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Functional Reconstruction of the Digit with Palmaris Longus Tendocutaneous Arterialized Venous Free Flaps
Sang-Hyun Woo, MD, PhD1; Young-Keun Lee, MD, PhD2; Ho-Jun Cheon, MD1; Young-Woo Kim1
1Cheon & Woo's Institute for Hand & Reconstructive Microsurgery, W Hospital, Daegu, South Korea; 2Dason Orthopedic Clinic, Jeonju, South Korea

Introduction: Clinical application of the venous flap was very limited because of unpredictable necrosis and postoperative swelling. It had been used to recover the small-sized defect of the fingers and hands. In cases of complex defects of flexor, extensor or collateral ligament of the digits with soft tissue defect, the authors reconstructed the digits with palmaris longus tendocutaneous arterialized venous free flaps(PTAVF). We would like to introduce our technique for achieving functional recovery of the digits as well as indications of this procedure.

Materials and Methods: This study is based on 29 cases of PTAVFs harvested from the ipsilateral wrist and forearm for the reconstruction of compound defect of the digits. During the period of last 18 years, the authors performed PTAVF in 17 cases of compound defects of extensor tendon on dorsum of the digits. In 7 cases, collateral ligament of the proximal or distal interphalangeal joint was reconstructed with PTAVF. And, in 5 cases of flexor tendon defect with soft tissue defect on the palmar aspect of the digits, tendocutaneous flaps were used to restore the defect. Flaps were dissected superior to the muscle fascia and included palmaris longus tendon as well as the skin and subcutaneous tissues with veins. After all dissection of venous pedicle, palmaris longus tendon was cut proximally enough. And then, holding of the proximal end of the palmaris longus tendon, flap was undermined distally. The tendons were meticulously dissected to avoid injury to the paratenon and peritendinous tissues between tendon and overlying skin flap. Usually distal part of tendon was cut at the distal crease of the wrist. Survival rate of the PTAVFs and functional recovery of the digits were assessed.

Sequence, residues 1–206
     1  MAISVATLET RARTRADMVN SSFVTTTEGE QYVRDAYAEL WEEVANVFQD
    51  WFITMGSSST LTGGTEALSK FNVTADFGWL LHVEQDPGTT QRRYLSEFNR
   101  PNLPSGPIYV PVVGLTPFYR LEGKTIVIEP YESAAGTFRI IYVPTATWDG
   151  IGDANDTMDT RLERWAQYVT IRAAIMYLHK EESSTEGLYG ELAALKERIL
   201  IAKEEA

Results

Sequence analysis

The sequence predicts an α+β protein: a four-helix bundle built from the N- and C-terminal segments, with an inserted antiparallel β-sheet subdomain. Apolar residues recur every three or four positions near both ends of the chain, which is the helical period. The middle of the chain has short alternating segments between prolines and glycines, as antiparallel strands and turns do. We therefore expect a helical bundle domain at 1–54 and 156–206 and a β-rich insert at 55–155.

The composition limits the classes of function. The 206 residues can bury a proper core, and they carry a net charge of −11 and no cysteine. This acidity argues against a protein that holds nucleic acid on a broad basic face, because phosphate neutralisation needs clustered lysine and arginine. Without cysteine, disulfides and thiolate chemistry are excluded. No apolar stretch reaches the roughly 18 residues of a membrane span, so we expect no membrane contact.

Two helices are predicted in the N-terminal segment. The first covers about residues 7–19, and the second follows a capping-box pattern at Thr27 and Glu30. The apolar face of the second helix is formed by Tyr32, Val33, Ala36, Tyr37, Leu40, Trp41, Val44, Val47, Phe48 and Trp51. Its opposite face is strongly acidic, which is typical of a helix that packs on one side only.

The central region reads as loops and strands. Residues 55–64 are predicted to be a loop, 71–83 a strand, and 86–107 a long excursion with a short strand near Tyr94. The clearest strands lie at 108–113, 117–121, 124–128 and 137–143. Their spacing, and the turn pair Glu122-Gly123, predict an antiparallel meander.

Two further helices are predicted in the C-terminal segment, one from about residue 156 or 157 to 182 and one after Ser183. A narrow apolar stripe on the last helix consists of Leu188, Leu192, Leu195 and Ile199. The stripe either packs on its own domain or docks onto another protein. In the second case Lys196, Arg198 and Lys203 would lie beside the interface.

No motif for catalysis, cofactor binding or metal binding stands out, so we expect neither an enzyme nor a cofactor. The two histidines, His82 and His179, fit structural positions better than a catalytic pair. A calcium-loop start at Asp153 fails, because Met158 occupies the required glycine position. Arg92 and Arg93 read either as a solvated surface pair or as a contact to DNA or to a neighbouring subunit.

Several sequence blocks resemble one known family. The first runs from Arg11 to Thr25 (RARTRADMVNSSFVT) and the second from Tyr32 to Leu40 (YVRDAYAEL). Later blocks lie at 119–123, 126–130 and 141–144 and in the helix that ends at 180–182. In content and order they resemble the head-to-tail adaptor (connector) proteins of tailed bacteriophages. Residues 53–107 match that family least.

Result: Complete survival was achieved in 27 cases. In one case, flap was lost totally, in another one case, 50% area was necrosed. Secondary skin graft was added in partial necrotic part. In reconstruction of collateral ligament of interphalangeal joint of the thumb and digits, there was no instability in all 7 cases. In cases of extensor defect, extension lag and range of motion was acceptable. Mean active range of motion of affected joint in reconstruction of flexor tendon was 35 degrees.

Conclusion: Palmaris longus tendocutaneous arterialized venous free flaps are very useful for reconstruction of complex defect of the digits with extensor or flexor tendons as well as collateral ligaments.

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